While on the opposite ends of the spectrum, grandparents and grandchildren share complementary characteristics which make them a natural fit for one another. Grandparents have usually gained much experience and wisdom over the course of many years of living, and have had much time to reflect on the choices and values that have served them well and those that did not. Children are instinctively curious and can be prone to impulsivity, and while parents often know how to communicate with their children about choices and consequences, grandparents have the experiential wisdom that demonstrates the same. Where parents are in the thick of things, juggling family, careers, and more, grandparents have come through and even mastered the art of living. Usually by the time one becomes a grandparent, the children are raised and one is considering, or in, retirement, so the pressure that parents can experience at times have usually subsided for grandparents. With less stress, grandparents can be a consistent source of quality time and undivided attention that encourages children to flourish into healthy and emotionally intelligent adults. The unique relationship between grandparents and grandchildren can be a great source of wisdom and instruction for parents and educators. We can learn a lot about children when we witness how well they learn from and respond to the elders in their lives. Accordingly, we can integrate some of the same principles in the relationships with the children in our lives and see for ourselves how much they improve our interactions and experiences. Who knows, it might even earn you an invitation to the prom!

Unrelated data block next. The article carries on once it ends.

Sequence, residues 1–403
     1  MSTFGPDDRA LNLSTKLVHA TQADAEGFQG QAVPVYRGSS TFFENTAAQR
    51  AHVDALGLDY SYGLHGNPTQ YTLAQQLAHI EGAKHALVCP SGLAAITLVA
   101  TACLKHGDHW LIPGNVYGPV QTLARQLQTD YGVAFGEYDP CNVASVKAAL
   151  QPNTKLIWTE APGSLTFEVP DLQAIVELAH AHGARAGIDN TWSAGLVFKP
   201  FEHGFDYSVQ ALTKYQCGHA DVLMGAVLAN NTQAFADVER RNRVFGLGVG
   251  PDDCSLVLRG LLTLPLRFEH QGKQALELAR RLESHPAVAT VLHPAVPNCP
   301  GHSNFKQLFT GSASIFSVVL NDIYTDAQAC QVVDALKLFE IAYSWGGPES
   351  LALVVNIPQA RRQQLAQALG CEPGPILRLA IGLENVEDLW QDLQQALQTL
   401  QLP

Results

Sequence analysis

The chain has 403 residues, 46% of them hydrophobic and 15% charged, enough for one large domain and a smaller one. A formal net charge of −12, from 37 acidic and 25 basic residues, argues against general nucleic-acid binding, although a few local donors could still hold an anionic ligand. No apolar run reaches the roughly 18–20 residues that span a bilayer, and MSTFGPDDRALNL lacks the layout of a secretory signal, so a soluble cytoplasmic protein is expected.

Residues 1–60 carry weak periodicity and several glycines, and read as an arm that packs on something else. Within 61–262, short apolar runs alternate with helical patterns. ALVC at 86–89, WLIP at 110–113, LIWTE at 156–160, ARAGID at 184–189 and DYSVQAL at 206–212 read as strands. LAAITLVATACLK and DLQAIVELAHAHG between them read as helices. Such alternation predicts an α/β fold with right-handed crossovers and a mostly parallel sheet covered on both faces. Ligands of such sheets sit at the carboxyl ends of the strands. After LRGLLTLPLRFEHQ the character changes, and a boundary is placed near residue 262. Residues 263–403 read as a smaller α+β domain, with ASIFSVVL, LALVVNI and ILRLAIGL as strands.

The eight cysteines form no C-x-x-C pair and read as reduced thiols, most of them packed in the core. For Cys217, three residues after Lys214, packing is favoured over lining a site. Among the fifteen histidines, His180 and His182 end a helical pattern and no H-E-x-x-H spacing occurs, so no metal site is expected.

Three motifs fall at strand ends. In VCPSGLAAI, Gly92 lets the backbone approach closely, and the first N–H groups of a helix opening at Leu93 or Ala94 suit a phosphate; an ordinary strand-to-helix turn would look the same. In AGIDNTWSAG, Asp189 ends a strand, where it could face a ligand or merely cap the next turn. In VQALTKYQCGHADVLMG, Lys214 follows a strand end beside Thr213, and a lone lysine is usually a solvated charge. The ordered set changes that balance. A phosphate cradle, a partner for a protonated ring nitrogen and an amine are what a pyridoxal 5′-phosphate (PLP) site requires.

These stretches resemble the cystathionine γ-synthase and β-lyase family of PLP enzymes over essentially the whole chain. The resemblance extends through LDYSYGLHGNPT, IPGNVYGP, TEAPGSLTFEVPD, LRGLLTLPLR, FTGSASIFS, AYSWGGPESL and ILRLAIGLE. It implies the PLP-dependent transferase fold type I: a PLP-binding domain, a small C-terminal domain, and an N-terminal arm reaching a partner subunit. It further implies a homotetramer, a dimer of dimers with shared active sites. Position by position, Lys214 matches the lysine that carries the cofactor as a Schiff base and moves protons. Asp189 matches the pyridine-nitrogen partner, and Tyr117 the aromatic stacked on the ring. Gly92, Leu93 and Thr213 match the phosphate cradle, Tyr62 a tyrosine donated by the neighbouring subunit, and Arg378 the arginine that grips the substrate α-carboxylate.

Uele Siebert is the mother of one and an advocate for attachment parenting. Raised on Big Blue Marble, she has a Bachelor’s Degree in Multicultural Studies from the University of Memphis, and is passionate about cultural relevance and representations in education and media. Uele honed her love of the homegrown as former co-owner of Mothersville, and owner of Groovy Foods. She is now an advisory board member of Jabberblabber Magazine.